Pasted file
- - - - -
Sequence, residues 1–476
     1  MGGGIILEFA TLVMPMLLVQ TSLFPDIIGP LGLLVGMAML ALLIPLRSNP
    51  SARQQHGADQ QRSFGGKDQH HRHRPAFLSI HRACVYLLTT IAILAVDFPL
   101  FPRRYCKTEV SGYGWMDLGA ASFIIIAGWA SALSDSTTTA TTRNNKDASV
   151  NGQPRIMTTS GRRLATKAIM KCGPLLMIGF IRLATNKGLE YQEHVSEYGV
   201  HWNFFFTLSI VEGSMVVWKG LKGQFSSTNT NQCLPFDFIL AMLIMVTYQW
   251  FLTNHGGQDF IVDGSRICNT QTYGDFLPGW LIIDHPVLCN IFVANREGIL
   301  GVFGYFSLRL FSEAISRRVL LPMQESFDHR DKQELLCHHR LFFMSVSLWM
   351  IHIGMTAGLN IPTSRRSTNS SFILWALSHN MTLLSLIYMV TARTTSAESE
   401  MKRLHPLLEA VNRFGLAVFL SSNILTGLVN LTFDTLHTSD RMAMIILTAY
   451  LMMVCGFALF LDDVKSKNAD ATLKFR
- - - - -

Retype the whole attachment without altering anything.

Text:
Sequence, residues 1–476
     1  MGGGIILEFA TLVMPMLLVQ TSLFPDIIGP LGLLVGMAML ALLIPLRSNP
    51  SARQQHGADQ QRSFGGKDQH HRHRPAFLSI HRACVYLLTT IAILAVDFPL
   101  FPRRYCKTEV SGYGWMDLGA ASFIIIAGWA SALSDSTTTA TTRNNKDASV
   151  NGQPRIMTTS GRRLATKAIM KCGPLLMIGF IRLATNKGLE YQEHVSEYGV
   201  HWNFFFTLSI VEGSMVVWKG LKGQFSSTNT NQCLPFDFIL AMLIMVTYQW
   251  FLTNHGGQDF IVDGSRICNT QTYGDFLPGW LIIDHPVLCN IFVANREGIL
   301  GVFGYFSLRL FSEAISRRVL LPMQESFDHR DKQELLCHHR LFFMSVSLWM
   351  IHIGMTAGLN IPTSRRSTNS SFILWALSHN MTLLSLIYMV TARTTSAESE
   401  MKRLHPLLEA VNRFGLAVFL SSNILTGLVN LTFDTLHTSD RMAMIILTAY
   451  LMMVCGFALF LDDVKSKNAD ATLKFR